Flow

IVRE flow is a beta feature meant to analyze network flows between hosts. It can be seen as:

  • a recon tool for the case of an unknown network (hence its apparition in IVRE/DRUNK)
  • a cartography tool to get a better understanding of a supposedly known network (but there is no such thing as a “known network”)
  • a monitoring tool to spot unwanted flows in your network

Usage

Data insertion

There are two tools for data insertion, the first is bro-based:

$ bro -r capture_file.pcap
$ ivre bro2db ./*.log
$ ivre flowcli

The second can take either argus logs or netflow logs:

$ argus -m -r capture_file.pcap -w flows.argus
$ ivre flow2db flows.argus

Or:

$ ivre flow2db flows.nfdump

Or:

$ ivre flow2db -t iptables iptables-from-syslog.log

Any of these tools can be called with ‘–init’ to reinitialize the DB.

Data exploration

The main exploration tool are the CLI (ivre flowcli) and the Web UI (<ivre-web-root>/flow.html).

CLI

You can access the CLI through ivre flowcli. Features include:

  • Searching for flows and nodes with filters (see the Flow Filters section of this document)
  • Producing top values for given criteria
  • Plotting flows amounts over hours of days, on average.

See ivre flowcli -h for usage details.

Web UI

Overview

The central view is a graph representing the network:

  • nodes represent hosts; white ones represent hosts that have incoming network flows, grey ones those who do not have any
  • edges represent network flows; same [proto, dport] couple will have the same color

Flows are aggregated by destination port (or code, for icmp), two different connection from the same source to the same destination on the same destination port (so called dport) but with different source ports will be aggregated on the same edge.

On the bottom of the graph, there is a timeline, representing the amount of different flows during some time ranges. This timeline can be played by going to the Display pane.

On the left, there is a control pane with 3 tabs:

  • Explore: Allows to explore and reduce the dataset to display with node-based or edge-based queries. See the next section for more details. It also allows to navigate through the data (limit/skip) and change the query mode. At the top of this pane, there is a count of the flows, servers and clients matching the current query. Note that servers can also be counted as clients if they have outgoing flows.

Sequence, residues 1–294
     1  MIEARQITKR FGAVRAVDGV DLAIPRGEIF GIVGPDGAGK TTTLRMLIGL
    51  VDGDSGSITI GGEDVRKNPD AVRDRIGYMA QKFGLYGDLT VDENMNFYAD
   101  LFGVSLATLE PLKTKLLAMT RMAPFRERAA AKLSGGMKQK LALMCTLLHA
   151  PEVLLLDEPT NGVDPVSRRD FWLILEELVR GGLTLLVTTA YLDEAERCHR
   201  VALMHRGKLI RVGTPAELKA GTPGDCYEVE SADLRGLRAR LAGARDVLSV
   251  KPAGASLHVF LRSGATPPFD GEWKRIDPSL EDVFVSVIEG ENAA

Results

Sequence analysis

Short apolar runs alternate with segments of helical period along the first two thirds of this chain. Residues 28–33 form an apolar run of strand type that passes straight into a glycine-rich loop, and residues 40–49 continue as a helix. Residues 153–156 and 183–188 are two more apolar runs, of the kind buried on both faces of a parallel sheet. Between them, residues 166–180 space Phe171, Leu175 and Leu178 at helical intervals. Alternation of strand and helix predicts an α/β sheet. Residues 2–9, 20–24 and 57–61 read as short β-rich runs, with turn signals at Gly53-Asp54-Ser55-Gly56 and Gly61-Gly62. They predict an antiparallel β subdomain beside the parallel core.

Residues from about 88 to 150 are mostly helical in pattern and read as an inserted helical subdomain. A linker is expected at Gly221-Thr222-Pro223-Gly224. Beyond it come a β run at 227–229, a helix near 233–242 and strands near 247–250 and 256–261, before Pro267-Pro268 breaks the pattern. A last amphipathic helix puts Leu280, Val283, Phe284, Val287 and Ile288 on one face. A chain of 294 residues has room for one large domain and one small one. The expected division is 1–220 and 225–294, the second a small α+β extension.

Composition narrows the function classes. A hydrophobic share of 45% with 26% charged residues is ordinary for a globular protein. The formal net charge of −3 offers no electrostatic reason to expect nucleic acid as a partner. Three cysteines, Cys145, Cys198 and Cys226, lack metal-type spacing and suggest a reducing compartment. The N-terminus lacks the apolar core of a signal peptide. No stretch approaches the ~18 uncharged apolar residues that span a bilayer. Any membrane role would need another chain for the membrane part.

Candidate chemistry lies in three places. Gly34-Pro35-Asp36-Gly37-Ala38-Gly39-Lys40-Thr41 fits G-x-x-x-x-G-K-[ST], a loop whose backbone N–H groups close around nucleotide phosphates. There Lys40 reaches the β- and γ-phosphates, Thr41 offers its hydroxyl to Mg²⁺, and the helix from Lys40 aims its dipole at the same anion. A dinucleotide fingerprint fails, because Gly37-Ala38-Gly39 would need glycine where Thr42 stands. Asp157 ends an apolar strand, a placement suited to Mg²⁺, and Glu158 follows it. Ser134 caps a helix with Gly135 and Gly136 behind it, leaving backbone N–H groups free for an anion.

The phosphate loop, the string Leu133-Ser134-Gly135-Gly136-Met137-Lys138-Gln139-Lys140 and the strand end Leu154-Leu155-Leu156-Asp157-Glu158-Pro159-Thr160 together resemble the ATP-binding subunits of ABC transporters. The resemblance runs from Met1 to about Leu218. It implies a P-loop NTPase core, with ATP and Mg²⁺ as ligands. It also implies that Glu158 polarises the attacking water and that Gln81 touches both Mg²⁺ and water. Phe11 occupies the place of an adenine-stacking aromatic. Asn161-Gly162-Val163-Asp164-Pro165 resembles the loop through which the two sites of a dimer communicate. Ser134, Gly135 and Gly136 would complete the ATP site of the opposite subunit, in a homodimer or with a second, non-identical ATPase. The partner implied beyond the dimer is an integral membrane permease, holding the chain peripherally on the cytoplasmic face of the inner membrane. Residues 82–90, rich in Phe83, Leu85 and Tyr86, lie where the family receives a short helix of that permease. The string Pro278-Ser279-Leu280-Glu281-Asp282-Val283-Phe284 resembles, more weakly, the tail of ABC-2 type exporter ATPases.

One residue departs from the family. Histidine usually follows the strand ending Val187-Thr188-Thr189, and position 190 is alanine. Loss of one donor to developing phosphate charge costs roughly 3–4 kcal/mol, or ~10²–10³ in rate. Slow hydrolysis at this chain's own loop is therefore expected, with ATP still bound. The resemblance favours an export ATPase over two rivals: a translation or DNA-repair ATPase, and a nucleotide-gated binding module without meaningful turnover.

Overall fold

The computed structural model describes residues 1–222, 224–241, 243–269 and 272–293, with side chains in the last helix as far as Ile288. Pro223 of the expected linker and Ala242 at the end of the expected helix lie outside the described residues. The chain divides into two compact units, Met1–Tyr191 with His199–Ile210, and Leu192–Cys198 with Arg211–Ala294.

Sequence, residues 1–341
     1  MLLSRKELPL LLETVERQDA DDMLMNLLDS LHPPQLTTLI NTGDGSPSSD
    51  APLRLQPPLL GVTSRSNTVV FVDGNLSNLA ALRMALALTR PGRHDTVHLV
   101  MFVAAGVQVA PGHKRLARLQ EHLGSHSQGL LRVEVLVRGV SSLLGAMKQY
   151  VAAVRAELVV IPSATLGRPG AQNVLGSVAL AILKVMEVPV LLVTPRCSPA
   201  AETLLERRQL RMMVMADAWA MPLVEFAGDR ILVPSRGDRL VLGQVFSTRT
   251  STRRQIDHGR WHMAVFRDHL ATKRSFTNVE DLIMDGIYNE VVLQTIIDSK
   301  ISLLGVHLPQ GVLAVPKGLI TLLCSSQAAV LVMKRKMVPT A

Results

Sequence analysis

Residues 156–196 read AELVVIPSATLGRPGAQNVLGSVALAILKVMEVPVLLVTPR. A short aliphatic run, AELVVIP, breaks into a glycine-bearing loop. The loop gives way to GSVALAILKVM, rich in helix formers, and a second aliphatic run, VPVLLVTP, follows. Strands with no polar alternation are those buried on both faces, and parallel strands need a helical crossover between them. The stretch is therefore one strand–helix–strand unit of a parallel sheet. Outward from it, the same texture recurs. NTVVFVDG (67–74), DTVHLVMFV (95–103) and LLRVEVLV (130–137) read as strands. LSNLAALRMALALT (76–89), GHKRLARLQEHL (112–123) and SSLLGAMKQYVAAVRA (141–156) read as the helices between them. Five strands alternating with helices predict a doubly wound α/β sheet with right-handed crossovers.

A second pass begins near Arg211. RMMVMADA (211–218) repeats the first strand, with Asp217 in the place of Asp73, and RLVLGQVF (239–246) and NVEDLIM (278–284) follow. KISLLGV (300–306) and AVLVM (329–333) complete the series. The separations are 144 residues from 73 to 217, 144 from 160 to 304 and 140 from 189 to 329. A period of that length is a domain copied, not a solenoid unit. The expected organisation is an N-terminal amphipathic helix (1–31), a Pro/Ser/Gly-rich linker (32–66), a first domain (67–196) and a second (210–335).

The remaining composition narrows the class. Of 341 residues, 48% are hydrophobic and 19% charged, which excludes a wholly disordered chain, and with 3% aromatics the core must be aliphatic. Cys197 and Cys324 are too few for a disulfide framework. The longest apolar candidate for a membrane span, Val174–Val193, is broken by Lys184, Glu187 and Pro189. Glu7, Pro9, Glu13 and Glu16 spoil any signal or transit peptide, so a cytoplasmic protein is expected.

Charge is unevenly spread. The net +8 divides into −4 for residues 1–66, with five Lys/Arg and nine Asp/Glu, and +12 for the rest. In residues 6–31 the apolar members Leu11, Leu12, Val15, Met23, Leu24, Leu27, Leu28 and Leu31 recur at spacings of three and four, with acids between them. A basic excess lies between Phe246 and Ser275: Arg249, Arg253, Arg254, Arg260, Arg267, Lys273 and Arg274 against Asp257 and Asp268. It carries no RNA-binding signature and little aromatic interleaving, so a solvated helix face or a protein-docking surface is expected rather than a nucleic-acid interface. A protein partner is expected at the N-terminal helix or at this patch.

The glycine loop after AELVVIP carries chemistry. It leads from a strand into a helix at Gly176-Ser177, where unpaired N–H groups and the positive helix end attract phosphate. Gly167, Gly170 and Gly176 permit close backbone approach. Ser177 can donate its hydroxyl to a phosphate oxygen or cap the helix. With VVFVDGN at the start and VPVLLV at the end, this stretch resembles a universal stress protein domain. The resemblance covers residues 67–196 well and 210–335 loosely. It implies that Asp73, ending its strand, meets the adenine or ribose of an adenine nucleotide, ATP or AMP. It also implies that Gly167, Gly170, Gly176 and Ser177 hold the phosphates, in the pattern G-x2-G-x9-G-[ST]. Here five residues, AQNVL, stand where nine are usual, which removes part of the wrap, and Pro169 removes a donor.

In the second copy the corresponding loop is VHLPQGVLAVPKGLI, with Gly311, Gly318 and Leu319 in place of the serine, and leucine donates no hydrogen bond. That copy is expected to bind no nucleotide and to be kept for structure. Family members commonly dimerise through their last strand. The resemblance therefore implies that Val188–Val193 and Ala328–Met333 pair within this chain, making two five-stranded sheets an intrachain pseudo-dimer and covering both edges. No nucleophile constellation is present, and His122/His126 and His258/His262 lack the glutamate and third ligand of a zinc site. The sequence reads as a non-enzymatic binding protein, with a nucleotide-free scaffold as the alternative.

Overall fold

• Display: Allows to change the way data is displayed (size of nodes and edges, timeline precision).
  • Details: Details on the currently selected item.
Interaction

Hover nodes and edges to display their basic properties in the Details tab. Click on an edge or a node to query the database for more information, including any associated metadata (for example DNS queries happening on a network flow).

There are two ways of filtering the data:

  • Right click on a node or edge and Filter by/Filter out by attribute
  • Write filters yourself

See the Flow Filter section of this document for more information on the filter syntax.

The Display pane allows to change the size of nodes and edges based on some criteria:

  • On nodes, available keywords are $in and $out, to make the size proportional to the number of incoming or outgoing flows of a node.
  • On edges, a property can be specified (for example scbytes, the number of bytes from the server to the client).

Do not forget to increase the Size scale to make the result more visible.

The Display pane also allows to change the amount of time slots to represent on the timeline (capped by the actual time precision set in ivre.conf). The timeline can also be played on the graph by clicking the ‘Play timeline’ button.

Raw Database queries

Ivre flow module is currently built on top of neo4j. The query language of this database is quite intuitive and the user is encouraged to execute his own custom queries. The model is as follows:

(:Host)-[:SEND]->(:Flow)-[:TO]->(:Host)
   |                |
   \                /
    `-->(:Intel)<--'

As an example, the following query returns the most common (proto, dport):

MATCH (f:Flow)
RETURN [f.proto, f.dport], count(*) AS cnt
ORDER BY cnt DESC

Flow Filters

To write filters, the syntax is as follows:

[!][ANY|ALL|ONE|LEN ][src.|dst.][meta.]<attribute> [<operator> <value>]
[OR <other filter>]

The [src.|dst.] part is only available for node filters.

The special keywords ANY, ALL, ONE and LEN are for working with array attributes:

  • ALL: matches if all the elements of the array fullfil the predicate
  • ANY: the same if any of the elements match
  • ONE: the same if exactly one of the elements match
  • LEN: the predicate will use the len of the array

Some examples:

  • Node filter dst.addr = 192.168.1.1 will match all the flows whose destination is a host with address 192.168.1.1.
  • Node filter addr =~ 192\.168\.1\..* will match all the flows that come from or go to a host whose address matches the 192\.168\.1\..* regex (sorry, CIDR masks are on their way to be implemented).
  • Edge filter dport > 10000 will match all the flows with a dport (destination port) above 10000. !dport <= 10000 will match the same flows plus the ones that do not have any destination port.
  • Edge filter meta.query =~ .*google.* will match all the flows that have an associated metadata which have a query attribute that match the .*google.* regex.
  • Edge filter ANY sports < 1024 will match flows with at least one source port < 1024.
  • Edge filter LEN sports = 1 will match flows with only one known source port.
  • Filter ANY meta.answers =~ .*example.com will match any metadata that contain an array attribute answers where at least one entry matches '.*example.com'.

Available operators are:

  • = or : (equality)
  • !=
  • <, <=, >, >=
  • =~